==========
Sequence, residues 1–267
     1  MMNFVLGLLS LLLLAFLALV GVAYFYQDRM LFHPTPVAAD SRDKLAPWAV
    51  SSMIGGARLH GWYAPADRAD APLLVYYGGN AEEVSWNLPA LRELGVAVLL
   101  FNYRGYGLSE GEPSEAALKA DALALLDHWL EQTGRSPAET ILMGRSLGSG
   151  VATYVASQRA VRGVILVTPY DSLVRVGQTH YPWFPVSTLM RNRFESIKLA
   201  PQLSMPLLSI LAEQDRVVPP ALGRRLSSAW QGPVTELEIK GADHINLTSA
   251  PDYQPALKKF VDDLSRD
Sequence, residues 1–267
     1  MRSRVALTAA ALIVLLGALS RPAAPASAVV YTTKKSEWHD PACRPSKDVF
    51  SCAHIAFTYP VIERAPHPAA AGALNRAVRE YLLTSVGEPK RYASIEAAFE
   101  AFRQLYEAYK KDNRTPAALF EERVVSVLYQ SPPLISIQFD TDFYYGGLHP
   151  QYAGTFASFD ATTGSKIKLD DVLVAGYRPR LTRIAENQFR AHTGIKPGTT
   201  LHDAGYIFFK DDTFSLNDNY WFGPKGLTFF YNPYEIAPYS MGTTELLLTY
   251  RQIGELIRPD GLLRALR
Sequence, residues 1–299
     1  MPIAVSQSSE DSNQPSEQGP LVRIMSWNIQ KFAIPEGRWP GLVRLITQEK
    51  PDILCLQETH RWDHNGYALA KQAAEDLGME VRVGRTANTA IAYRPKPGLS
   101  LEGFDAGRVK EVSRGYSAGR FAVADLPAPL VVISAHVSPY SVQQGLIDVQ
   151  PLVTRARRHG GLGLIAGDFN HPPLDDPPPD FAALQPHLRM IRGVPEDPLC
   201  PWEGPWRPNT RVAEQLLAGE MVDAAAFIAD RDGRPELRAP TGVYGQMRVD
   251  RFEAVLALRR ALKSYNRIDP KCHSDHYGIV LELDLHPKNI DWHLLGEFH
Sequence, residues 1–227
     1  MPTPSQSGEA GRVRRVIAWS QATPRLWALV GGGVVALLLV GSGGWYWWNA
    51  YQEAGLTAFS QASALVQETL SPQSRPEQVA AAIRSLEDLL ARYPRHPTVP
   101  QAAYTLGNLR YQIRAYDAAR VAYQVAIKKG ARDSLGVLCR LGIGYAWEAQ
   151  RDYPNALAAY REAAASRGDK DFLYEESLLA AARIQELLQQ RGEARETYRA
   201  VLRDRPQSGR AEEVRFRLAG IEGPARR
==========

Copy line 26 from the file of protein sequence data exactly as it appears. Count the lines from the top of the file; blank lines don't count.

   151  RDYPNALAAY REAAASRGDK DFLYEESLLA AARIQELLQQ RGEARETYRA